Greetings, ladies and gentlemen, and welcome to the bastion of elegant velocipedery that is CityCycling and, more specifically, this regular feature. Returning readers will be familiar with the principle of what we do here, however newcomers to this fine publication will obviously be in need of a proper introduction. Not supplying a proper introduction would be extremely rude and, as graduates of lessons to be found in our ancestral incarnation will know, I cannot abide rudeness.
You may refer to me as Madam Raven. My goal is to impart to you, the esteemed reader, as much of the benefit of my many years of experience as you require. The main points of information that you will need regarding my own proclivities, in order to save you from the more obvious questions, are those concerning my preferred riding environment, attitude to cycle paths, stance on helmet use and choice of groupset. The answers, in order, are: road; no thank you; it is entirely up to you and I would thank you to extend to me the same courtesy; and please, I am a lady of taste, Campagnolo, although I recently acquired a TT bike fitted with SRAM Rival that I have not thus far found displeasing. My preference for the Il Pompino extends to 70" as that is sufficiently large to provide satisfaction at speed without being overly onerous during more strenuous sections.
Past columns have covered topics as diverse as the French; why white van men drive white vans; the effect of female buttock size on the planet's angular momentum; Christmas presents for the cyclist who has everything; the maths homework of Mike from St Albans; the Sustrans entrance exam; Bike2Work schemes; malcontent dogs; the retarding effect of electromagnetic radiation pressure; and hats. The readers really are an inquiring bunch, with the sort of inquisitive, inquisitorial minds that would keep even Stephen Fry happy. I am so proud of you all.
The subject matter of future columns is entirely up to you. You ask the questions and I answer them. It is that sort of thing. Quite a simple process, and certainly not one over which to get overly exercised. The questions themselves, however, ah, dear reader, that is a different matter. We desire your very best. The most contentious conundrums, the most effervescent enquiries. Or, failing that, whatever has been nagging at you like the slow puncture caused by an undiscovered shard of glass that has worked its way through the tyre rubber and is protruding just far enough beyond the casing to tease a hole in the tube.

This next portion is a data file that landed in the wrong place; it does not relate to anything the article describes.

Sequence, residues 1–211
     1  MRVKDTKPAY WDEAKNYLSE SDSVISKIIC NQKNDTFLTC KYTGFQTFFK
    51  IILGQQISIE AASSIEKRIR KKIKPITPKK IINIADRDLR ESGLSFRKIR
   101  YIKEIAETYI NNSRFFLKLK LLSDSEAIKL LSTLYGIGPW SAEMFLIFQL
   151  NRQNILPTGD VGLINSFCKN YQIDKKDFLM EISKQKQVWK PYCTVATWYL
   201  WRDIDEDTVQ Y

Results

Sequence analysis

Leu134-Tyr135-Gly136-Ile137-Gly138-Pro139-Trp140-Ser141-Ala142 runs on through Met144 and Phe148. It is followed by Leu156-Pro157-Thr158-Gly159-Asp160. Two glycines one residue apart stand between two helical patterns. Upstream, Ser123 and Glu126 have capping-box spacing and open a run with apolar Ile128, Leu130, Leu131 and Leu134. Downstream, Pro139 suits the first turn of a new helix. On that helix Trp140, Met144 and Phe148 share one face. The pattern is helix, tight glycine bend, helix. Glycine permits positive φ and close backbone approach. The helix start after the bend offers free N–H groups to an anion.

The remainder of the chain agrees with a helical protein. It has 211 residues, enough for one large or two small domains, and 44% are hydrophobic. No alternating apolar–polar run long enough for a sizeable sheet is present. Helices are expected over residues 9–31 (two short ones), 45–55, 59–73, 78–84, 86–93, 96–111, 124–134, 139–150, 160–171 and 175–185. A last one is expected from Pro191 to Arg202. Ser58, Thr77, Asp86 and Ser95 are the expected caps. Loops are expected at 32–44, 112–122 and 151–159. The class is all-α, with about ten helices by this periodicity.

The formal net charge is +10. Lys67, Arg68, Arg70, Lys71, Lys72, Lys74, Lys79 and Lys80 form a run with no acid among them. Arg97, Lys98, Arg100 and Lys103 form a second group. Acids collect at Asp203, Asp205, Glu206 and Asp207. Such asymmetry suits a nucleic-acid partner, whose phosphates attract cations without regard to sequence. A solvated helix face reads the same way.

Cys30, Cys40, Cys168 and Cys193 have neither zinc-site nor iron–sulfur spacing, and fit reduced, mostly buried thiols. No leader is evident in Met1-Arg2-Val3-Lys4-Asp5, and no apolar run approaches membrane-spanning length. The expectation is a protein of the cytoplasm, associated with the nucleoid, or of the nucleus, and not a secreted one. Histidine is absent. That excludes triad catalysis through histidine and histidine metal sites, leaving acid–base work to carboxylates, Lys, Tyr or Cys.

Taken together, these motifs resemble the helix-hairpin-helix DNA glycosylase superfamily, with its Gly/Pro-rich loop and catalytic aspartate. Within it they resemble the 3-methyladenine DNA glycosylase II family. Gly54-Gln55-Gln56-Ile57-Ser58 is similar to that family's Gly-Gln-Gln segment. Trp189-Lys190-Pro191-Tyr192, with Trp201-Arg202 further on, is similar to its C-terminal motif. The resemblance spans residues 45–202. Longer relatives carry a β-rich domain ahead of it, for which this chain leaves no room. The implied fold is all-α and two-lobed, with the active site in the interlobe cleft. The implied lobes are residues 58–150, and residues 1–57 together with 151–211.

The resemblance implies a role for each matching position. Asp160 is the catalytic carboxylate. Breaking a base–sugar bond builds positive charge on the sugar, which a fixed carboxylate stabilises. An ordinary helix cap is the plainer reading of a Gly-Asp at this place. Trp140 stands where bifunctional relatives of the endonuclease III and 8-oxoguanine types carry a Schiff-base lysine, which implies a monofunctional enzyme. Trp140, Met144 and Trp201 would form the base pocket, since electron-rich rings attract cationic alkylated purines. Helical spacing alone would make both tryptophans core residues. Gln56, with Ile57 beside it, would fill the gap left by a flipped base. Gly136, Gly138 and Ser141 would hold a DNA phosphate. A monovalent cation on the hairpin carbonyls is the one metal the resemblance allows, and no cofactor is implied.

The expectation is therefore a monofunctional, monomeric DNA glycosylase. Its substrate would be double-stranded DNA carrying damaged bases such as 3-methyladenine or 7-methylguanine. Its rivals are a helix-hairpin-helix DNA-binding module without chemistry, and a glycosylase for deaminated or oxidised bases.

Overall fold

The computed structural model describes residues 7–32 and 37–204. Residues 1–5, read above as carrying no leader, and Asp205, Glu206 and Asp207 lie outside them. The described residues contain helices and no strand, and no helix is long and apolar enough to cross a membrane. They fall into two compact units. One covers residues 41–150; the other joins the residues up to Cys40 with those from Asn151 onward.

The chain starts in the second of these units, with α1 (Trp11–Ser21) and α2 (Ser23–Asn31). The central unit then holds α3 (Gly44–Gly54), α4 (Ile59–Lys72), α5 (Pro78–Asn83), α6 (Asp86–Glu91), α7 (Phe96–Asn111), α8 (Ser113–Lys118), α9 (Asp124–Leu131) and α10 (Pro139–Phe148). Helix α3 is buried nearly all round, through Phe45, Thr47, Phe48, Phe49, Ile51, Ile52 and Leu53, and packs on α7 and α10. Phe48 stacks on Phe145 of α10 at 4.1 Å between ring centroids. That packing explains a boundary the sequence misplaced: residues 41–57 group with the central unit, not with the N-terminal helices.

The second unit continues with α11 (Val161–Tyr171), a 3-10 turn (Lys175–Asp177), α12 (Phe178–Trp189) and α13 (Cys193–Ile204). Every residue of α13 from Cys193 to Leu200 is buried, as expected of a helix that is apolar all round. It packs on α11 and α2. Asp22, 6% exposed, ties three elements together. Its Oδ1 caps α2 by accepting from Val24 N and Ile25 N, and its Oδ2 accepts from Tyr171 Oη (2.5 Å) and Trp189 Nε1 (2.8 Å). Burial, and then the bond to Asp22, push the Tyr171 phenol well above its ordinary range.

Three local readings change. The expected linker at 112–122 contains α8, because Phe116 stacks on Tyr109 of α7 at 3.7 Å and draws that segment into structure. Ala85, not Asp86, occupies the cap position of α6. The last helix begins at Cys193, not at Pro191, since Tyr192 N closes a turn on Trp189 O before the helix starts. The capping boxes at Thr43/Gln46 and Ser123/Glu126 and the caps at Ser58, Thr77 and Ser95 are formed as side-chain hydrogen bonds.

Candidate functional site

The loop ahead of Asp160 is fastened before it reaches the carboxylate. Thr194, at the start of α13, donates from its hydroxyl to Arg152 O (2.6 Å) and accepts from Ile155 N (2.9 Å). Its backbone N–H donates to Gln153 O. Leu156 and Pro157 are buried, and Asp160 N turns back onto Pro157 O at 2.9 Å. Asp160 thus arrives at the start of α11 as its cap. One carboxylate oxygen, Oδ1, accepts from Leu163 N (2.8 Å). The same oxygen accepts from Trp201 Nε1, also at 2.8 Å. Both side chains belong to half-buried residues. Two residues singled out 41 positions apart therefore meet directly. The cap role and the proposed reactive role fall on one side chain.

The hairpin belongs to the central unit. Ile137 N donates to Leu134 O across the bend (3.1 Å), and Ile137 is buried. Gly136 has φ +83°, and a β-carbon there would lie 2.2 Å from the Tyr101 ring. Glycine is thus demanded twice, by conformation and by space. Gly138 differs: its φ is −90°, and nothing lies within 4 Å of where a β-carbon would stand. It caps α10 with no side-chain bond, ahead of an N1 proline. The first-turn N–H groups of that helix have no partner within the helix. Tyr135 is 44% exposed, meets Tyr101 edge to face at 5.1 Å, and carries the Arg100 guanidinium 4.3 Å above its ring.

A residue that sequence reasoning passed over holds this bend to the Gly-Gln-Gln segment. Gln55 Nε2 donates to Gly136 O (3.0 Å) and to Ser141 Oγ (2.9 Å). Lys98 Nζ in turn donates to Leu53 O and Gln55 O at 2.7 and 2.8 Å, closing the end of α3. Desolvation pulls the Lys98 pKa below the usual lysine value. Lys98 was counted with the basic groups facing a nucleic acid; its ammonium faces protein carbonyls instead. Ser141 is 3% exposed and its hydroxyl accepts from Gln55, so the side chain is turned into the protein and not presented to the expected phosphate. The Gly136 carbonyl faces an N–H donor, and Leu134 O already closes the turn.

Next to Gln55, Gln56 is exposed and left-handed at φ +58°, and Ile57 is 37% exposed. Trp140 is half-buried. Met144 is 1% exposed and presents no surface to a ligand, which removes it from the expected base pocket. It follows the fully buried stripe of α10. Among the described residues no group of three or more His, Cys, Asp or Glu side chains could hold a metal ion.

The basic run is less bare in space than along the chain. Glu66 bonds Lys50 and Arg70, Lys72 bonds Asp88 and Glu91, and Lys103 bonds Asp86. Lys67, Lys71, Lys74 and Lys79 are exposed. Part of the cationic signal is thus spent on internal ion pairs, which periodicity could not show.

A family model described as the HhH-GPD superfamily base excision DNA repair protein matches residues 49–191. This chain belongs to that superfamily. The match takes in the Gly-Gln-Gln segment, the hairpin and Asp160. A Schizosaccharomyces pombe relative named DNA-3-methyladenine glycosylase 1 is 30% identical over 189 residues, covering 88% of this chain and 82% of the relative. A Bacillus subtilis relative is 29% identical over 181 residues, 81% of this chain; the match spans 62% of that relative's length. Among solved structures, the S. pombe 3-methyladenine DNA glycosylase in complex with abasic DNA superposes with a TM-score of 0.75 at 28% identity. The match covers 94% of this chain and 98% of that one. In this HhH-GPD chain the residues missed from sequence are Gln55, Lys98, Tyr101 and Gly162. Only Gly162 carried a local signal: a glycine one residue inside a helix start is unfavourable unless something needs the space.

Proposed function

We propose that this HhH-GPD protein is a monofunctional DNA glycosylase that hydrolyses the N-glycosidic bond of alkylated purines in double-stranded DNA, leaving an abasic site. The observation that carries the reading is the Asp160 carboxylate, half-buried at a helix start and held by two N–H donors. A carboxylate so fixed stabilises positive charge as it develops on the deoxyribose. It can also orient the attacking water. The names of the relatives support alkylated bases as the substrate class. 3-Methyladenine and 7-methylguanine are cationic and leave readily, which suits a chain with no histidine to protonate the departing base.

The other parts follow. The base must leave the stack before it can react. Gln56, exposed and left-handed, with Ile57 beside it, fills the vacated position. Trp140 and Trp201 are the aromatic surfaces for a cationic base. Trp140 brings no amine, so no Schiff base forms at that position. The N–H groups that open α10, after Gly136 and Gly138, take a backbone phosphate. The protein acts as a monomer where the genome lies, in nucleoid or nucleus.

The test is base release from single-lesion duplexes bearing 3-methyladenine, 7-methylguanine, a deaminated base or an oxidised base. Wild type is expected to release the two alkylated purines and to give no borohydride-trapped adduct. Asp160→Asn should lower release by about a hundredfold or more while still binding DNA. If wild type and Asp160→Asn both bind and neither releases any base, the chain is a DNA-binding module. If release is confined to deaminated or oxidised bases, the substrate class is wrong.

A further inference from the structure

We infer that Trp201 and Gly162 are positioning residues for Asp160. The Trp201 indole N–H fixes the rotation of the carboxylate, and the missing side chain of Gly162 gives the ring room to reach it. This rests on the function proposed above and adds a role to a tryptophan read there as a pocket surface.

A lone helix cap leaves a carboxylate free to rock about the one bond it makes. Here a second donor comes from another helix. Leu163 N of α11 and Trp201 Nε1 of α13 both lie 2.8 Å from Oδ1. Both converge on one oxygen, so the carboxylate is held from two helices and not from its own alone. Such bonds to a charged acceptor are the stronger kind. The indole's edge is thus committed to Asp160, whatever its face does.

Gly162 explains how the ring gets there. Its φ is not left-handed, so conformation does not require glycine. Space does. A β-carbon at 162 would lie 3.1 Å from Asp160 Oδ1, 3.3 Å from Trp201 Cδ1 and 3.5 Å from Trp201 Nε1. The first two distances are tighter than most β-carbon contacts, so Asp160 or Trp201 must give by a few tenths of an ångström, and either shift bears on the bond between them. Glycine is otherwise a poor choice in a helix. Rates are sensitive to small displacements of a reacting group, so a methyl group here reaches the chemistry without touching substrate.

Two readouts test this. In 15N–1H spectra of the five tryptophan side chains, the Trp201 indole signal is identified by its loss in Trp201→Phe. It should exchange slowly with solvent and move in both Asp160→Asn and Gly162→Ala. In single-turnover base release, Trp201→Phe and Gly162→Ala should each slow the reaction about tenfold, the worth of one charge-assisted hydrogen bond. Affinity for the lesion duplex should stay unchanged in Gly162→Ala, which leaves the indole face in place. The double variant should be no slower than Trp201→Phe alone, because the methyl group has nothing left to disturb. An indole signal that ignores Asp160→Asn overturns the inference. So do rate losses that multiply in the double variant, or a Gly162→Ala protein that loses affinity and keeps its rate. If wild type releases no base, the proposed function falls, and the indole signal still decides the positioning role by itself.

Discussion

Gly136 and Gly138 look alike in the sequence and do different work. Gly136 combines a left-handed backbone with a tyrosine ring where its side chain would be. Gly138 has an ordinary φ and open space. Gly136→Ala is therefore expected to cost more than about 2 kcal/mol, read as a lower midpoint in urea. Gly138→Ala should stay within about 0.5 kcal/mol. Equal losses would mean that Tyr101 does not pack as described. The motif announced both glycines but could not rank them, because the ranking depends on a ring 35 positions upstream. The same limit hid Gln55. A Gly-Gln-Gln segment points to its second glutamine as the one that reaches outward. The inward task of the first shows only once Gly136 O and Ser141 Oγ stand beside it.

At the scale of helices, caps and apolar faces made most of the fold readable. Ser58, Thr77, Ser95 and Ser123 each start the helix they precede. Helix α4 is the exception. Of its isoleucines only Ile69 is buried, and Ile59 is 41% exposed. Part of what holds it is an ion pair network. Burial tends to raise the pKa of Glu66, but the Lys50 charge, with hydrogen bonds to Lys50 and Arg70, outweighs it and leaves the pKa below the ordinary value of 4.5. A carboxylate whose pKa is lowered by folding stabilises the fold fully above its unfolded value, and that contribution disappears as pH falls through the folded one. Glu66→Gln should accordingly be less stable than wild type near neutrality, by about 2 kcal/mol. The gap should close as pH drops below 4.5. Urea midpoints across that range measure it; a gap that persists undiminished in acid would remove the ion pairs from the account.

Over to you, ladies and gentlemen. Surprise us. Challenge us. Astonish us. I know you can do it. You are such an impressively cerebral bunch.
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You can ask Madam Raven a question by dropping an email to email@example.com and she is also now in the land of Tweets, check out @MdmRaven and ask her any cycling question you dare, like this...
How should I deal with other cyclists who barge past me at red lights to jump them?
The question arises: do you need to "deal with" them at all? Is there physical contact involved? If so you could try a swift elbow in the kidneys accompanied by a polite and startled "I say, I'm terribly sorry, I seem to have struck you a very painful blow completely by accident as you were pushing past me there. Let's hope it doesn't happen again, what?" Or, indeed, claim that you thought the chap had invited you to play Commuter Cycling Rugby, which is, as all people of good breeding know, a version of the Eton Wall Game invented by Brompton riders. Negative response conditioning can be very effective.
If they are not actually touching you then I would suggest that there's no harm done, and, as they're out there jumping red lights, the vagaries of chance will catch up with them eventually. When it does you will be behind them offering marks out of ten for artistic interpretation.
"Gosh. That blood splatter on the background of the yellow Altura jacket is strangely reminiscent of Paul Sérusier's famous post-impressionistic work Le Talisman. Even so, I think I'll only give that eight point two out of ten because I'm not that keen on the work of Les Nabis, preferring the pointillist style of Signac."